Reagan's breed of presidency
A recurring question which comes from many readers these days is what kind of a president Ronald Reagan would likely turn out to be. Surely this is the bottom-line question which every voter will have to decide for himself before he casts his ballot on Nov. 4.
It can't be answered very fully at this early stage. We will need to listen and to watch closely everything Mr. Reagan says and does when, as is hoped, he begins to reveal his ideas during the campaign. If I ventured a dogmatic answer , I trust I would doubt its validity. At this point the best we can do is to ask the right questions and look for clues.
There are plenty of precedents for not knowing how a potential president would perform in the White House.
Did anyone have a clear idea what kind of a president Truman would make when the heavy responsibilities of the office were suddenly thrust upon him? Some feared the worst; few expected very much. Actually he turned out quite differently than most people thought possible.
I am reminded of a quick Q-and-A which arose in the midst of a breakfast session with Richard Scammon, former head of the Census Bureau and one of the more scholarly and objective political analysts in the business.
A colleague, apparently expecting to extract an answer which would support his own thinking, asked: "Have we ever had a presidential nominee of a major party about whom we knew so little as we know about Ronald Reagan?"
Mr. Scammon's answer was instant: "Yes, Jimmy Carter."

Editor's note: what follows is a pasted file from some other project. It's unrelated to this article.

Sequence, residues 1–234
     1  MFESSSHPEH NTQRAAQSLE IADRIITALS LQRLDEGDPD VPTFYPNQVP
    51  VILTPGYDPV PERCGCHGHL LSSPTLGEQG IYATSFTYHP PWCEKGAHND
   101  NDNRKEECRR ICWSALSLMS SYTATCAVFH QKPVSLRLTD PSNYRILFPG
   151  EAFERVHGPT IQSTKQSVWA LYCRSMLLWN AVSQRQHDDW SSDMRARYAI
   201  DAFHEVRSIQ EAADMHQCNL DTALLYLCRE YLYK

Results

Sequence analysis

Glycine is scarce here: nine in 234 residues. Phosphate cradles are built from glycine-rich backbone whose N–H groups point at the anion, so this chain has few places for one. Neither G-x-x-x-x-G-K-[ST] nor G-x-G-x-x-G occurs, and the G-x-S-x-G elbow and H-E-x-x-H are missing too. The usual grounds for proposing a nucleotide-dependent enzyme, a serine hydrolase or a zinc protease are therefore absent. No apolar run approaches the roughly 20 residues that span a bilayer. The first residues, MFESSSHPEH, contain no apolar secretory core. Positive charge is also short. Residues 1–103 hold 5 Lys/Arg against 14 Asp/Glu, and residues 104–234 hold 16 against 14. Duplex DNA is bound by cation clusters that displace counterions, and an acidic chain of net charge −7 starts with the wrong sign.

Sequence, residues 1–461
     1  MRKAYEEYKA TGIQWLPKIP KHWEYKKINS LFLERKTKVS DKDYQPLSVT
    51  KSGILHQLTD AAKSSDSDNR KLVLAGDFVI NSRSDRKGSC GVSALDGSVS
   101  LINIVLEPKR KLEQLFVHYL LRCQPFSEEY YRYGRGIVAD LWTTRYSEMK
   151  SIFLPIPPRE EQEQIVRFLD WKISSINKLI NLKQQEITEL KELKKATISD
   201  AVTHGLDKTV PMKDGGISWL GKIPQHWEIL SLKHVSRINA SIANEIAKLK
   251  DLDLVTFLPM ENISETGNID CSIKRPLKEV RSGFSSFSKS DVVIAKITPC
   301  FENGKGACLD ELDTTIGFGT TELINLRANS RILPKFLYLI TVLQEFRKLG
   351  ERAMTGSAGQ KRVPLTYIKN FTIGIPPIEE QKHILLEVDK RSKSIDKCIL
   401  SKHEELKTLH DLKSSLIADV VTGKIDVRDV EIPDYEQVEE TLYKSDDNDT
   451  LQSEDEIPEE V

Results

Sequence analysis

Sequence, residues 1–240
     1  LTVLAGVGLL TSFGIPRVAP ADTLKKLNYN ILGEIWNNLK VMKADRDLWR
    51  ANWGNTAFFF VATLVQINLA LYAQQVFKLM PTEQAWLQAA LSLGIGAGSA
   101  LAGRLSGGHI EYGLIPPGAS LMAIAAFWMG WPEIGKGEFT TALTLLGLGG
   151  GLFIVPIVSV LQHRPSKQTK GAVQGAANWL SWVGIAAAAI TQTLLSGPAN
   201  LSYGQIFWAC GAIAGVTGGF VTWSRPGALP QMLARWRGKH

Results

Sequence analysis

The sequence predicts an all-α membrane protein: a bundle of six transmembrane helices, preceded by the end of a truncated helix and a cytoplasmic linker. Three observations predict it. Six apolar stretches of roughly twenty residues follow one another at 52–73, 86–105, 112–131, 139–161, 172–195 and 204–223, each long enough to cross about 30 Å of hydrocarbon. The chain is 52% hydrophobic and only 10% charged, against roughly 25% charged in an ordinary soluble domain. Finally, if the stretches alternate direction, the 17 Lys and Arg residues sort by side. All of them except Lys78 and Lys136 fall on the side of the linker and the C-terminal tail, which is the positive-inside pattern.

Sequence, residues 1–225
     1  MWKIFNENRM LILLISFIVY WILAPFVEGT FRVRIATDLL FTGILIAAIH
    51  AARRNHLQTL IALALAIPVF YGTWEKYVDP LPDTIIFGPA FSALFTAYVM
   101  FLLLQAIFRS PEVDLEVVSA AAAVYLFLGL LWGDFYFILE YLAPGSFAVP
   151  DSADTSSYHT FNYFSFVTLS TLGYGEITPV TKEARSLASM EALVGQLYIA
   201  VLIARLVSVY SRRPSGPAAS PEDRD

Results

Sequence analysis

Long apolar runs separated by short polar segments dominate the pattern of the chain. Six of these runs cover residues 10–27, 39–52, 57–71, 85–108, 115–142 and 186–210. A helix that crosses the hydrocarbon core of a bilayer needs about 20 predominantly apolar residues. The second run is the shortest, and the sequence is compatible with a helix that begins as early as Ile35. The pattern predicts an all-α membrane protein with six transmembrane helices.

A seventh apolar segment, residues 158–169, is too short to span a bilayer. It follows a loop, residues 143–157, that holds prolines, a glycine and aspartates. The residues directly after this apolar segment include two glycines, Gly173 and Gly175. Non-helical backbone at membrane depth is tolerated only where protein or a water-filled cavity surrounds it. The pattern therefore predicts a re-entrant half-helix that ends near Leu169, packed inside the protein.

It is well to be reminded that we knew little about what kind of a president Mr. Carter would make when he was nominated and not much more at the end of the campaign. One reason was that he campaigned, in part, on the premise that lack of contact with national affairs and with Washington leaders would be an asset to him in governing the country. It wasn't.
Unquestionably it is easier to say what Mr. Reagan will do, if elected, than to project how he will operate his presidency once he is confronted with the hard realities of office. I have watched him perform for two terms as governor of California (not the same as being president but somewhat revealing), have covered much of his two campaigns for the Republican nomination, and talked with several who have worked closely with him. I can make this report:
Reagan aims to have a strong chief of staff in the White House, comparable to what Sherman Adams was to Eisenhower. He does not intend to be the prisoner of administrative details. He expects to surround himself with able and trustworthy people in his Cabinet and leave much of the running of the government in their hands. He plans to convene the Cabinet regularly and he sees his role as "chairman of the board." This is what President Truman tried to do in the early months of his administration and he found that for him it didn't work very well.
My judgment is that Reagan will emerge as less the conservative ideologue than many think. As governor of California he proved to be flexible and pragmatic within the boundaries of his basic conservatism.
He will put strengthening the nation's defense ahead of a balanced budget and I would not expect him to have a jittery finger on the nuclear panic button.
Despite his fumbling and frustration in his relations with the California Democratic legislature during the early period of his administration, Governor Reagan found a way to get most of his policies approved with reasonable compromises. Here he demonstrated that his experience and skills as radio commentator and public speaker helped him. One California Democrat who worked with him put it this way:
"He is very good at going to the people. He is extraordinarily good at formulating a political issue to the public and getting them on his side. It is an ability that would be a potent force for a president trying to deal with a difficult Congress."
It would seem logical to me to expect Reagan, if he becomes president, to revive his version of the fireside chats which Franklin Roosevelt used so effectively.
This is how, in part, I see Ronald Reagan as of two months before the voting.